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J Public Health Manag Pract. 2007 Jan;Suppl:S49-54.

Advancing HIV/AIDS prevention among American Indians through capacity building and the community readiness model.

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  • 1Center for Applied Studies in American Ethnicity, Colorado State University, Ft Collins 80523, USA.


Although HIV/AIDS prevention has presented challenges over the past 25 years, prevention does work! To be most effective, however, prevention must be specific to the culture and the nature of the community. Building the capacity of a community for prevention efforts is not an easy process. If capacity is to be sustained, it must be practical and utilize the resources that already exist in the community. Attitudes vary across communities; resources vary, political climates are constantly varied and changing. Communities are fluid-always changing, adapting, growing. They are "ready" for different things at different times. Readiness is a key issue! This article presents a model that has experienced a high level of success in building community capacity for effective prevention/intervention for HIV/AIDS and offers case studies for review. The Community Readiness Model provides both quantitative and qualitative information in a user-friendly structure that guides a community through the process of understanding the importance of the measure of readiness. The model identifies readiness- appropriate strategies, provides readiness scores for evaluation, and most important, involves community stakeholders in the process. The article will demonstrate the importance of developing strategies consistent with readiness levels for more cost-effective and successful prevention efforts.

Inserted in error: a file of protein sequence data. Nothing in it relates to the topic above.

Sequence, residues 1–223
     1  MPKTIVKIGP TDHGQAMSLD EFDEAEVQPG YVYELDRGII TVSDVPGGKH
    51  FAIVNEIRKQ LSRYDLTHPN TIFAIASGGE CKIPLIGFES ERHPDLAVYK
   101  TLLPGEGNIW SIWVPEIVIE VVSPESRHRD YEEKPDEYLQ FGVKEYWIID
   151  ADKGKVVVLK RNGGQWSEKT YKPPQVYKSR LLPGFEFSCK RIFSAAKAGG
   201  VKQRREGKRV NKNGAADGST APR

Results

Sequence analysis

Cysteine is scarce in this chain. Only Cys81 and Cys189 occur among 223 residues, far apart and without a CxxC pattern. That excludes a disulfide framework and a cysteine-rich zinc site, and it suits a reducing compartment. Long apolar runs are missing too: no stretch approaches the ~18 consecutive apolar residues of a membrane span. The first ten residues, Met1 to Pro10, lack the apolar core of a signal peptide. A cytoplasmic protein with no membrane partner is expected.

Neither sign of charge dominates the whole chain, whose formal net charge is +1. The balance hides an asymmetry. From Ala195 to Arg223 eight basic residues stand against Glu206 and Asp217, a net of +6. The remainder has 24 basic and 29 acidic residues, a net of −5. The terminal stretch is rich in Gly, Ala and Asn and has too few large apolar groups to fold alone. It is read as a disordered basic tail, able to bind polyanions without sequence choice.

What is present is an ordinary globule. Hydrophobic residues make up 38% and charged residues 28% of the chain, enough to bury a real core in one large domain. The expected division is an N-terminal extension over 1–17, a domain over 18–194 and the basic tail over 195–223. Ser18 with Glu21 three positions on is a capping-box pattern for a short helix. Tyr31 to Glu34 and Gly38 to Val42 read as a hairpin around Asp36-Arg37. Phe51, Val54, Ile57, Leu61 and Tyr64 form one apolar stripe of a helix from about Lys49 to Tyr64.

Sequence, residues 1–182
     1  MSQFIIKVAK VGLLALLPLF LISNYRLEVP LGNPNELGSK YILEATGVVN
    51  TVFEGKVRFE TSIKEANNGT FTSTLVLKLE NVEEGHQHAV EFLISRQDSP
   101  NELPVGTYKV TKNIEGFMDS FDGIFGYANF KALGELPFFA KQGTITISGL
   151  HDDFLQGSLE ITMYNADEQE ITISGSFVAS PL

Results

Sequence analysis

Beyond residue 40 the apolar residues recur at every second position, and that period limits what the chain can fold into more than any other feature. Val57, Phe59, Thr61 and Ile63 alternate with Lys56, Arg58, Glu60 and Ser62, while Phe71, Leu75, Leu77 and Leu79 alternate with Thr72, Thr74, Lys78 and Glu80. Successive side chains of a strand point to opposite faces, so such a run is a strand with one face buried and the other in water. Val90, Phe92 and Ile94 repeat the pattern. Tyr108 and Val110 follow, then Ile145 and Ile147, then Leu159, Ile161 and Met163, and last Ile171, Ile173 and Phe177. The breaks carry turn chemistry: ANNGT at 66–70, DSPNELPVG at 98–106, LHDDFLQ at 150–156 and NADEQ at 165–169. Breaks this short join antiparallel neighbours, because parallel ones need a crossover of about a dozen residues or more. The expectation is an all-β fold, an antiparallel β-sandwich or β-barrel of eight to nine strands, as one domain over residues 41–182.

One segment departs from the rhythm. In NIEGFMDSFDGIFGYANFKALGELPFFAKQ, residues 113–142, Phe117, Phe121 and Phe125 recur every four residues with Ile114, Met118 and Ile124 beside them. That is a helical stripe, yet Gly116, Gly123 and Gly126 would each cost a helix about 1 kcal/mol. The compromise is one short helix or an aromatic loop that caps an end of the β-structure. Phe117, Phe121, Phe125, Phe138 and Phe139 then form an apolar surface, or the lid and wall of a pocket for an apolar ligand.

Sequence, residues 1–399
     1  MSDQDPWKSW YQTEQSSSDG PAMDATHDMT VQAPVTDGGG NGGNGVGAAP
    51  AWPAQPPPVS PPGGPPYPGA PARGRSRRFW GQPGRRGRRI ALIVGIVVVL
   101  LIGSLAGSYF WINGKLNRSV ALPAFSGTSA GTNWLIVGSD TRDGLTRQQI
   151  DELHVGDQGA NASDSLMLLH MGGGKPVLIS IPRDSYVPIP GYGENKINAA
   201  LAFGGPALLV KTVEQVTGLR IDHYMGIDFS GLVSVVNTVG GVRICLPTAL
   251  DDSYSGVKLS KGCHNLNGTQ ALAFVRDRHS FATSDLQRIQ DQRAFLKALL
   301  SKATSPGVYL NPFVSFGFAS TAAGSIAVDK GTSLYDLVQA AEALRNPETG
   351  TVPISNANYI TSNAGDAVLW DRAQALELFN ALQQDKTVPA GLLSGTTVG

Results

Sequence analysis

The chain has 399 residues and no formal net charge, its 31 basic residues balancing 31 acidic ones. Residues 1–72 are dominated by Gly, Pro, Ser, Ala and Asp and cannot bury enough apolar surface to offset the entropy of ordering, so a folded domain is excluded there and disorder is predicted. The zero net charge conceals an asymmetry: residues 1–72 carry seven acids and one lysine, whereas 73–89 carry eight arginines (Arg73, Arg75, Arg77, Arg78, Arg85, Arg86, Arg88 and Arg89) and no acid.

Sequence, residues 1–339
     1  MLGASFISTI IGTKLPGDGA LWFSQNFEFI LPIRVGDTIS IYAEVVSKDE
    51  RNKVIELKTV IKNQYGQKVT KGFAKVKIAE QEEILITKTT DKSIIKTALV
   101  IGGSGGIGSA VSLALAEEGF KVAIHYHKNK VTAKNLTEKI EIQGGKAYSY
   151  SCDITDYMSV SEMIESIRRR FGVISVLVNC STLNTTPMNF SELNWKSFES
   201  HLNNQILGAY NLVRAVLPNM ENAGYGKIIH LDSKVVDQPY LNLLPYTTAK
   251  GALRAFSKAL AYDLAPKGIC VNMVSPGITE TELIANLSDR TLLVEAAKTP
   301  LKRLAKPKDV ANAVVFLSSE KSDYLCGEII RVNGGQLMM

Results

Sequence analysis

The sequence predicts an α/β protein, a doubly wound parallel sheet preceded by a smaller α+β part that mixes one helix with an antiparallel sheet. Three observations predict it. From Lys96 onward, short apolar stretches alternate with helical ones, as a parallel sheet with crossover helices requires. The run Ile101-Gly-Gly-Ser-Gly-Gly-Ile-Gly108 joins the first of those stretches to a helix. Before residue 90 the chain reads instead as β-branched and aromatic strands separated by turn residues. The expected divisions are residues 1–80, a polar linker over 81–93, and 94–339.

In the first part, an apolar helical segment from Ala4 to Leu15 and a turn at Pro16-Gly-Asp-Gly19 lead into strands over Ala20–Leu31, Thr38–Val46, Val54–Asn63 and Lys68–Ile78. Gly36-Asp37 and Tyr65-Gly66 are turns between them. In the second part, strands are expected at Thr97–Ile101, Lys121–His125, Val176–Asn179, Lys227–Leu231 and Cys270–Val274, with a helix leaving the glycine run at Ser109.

[PubMed - indexed for MEDLINE]
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